A new community space must be built with sustainability in mind. There is a fantastic model for effective service provision in Middle Tennessee with My House Nashville, a partnership between Nashville CARES, Street Works, & Neighborhood Health supporting same gender loving men of color and gay/bisexual men. Details about the program can be found at myhousenashville.org. The need for other models of this type in our region are clearly evident, as over 84% of respondents indicated that having an accessible space that serves all of LGBTQIA+ Middle Tennessee is a critical need.

A series of secondary recommendations, referred to as the ‘bridge between’, must be fulfilled between the primary recommendations to make them effective and sustainable. Those secondary recommendations are focused on community engagement, programming for adults under 26, for those over 55, as well as health navigation services for all members of the community.  A comprehensive explanation of these secondary recommendations, as well as the report and other material, can be found at nashvillepride.org/cvp.

Our hope is that a unified attempt to foster action begins to address these recommendations, now that the report is complete. As our region continues to grow, we must work in harmony to ensure that everyone in our region has the opportunity to thrive.  Will you join us in the movement for revolutionary change?

Phil Cobucci is the Community Affairs Director for Nashville Pride and the project lead on the Community Visioning Project.  Learn more about the Nashville and Middle Tennessee LGBTQIA+ Community Visioning Project at nashvillepride.org/cvp. To contact Phil directly, please email phil@nashvillepride.org.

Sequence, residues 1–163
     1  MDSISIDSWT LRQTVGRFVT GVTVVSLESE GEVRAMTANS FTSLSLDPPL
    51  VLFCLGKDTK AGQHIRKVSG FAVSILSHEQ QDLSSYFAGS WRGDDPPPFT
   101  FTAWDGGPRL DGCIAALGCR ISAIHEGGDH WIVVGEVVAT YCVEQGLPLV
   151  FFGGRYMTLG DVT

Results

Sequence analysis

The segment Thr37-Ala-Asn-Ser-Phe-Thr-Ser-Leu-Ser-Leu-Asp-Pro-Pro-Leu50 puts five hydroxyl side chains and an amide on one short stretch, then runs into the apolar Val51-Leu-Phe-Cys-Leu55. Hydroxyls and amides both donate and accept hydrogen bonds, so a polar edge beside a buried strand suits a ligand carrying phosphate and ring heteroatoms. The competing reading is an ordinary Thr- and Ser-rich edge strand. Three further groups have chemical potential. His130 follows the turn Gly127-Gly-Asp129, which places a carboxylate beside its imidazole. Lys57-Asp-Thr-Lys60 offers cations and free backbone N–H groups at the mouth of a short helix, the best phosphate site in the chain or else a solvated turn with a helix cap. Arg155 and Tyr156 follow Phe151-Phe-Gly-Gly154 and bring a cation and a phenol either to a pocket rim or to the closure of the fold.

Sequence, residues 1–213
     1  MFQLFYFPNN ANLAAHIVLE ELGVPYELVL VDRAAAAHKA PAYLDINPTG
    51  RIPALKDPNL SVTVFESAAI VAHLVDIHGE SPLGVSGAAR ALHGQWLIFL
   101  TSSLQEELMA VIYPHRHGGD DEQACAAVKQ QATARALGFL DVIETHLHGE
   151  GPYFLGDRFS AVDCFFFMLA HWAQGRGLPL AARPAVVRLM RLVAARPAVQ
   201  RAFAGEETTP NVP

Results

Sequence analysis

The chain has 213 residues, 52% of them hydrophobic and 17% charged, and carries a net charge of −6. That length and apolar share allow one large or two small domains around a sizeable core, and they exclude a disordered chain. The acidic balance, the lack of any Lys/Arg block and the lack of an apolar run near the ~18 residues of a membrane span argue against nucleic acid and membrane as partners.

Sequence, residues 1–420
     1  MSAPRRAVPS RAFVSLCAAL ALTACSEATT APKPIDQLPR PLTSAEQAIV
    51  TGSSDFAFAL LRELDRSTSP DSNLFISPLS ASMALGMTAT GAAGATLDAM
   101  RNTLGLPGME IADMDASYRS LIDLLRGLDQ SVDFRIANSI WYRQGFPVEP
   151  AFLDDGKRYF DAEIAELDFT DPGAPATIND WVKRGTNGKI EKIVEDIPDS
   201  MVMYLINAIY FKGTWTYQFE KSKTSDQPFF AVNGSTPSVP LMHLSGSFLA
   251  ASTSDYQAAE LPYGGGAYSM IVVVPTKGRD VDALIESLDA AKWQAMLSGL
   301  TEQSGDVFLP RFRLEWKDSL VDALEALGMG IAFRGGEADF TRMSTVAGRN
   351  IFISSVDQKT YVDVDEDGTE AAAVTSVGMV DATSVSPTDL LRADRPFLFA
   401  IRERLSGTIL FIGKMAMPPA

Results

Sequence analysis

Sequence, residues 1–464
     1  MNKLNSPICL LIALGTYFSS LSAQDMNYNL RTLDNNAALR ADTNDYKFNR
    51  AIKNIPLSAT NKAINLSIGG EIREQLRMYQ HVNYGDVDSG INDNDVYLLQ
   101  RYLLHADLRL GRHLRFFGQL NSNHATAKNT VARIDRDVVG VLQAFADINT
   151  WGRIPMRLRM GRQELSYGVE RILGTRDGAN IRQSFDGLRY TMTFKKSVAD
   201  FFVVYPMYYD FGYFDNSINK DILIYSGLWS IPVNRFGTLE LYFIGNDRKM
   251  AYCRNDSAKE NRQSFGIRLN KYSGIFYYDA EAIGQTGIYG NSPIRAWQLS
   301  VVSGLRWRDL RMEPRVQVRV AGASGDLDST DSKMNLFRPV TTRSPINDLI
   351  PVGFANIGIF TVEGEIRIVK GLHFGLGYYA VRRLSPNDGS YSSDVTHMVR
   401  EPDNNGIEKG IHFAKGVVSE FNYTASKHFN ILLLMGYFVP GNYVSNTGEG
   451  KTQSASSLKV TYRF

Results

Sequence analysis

This article has been republished from Out & About Nashville, and was part of a series of first-person pieces written by the late Bobbi Williams.

When I was 14 years old, I surreptitiously made my way through the stacks in the local library until I came to the Psychology section. One after one, I took down the books whose titles I thought would provide an answer, went to the table of contents and, if there were any, I flipped to the pictures.

Keep reading Show less

James Mai

Many of us have made resolutions and pledged ourselves to transforming some aspect, or aspects, of our lives. For some, these resolutions will involve career, budget, home ownership, etc., but for a LOT of us, they will involve various health, exercise and fitness goals.

Often, these resolutions are vague, like “lose weight” or “exercise more”, and way too often they begin with a gym contract and end with Netflix and a bag of takeout. Getting specific can help in holding yourself accountable for these commitments, though. So we thought it might be interesting to talk with a local gay trainer, James Mai, about his fitness journey, his work as a trainer and how he keeps himself motivated, and get some of his suggestions for carrying through on this year’s fitness resolutions!

Keep reading Show less


Keep reading Show less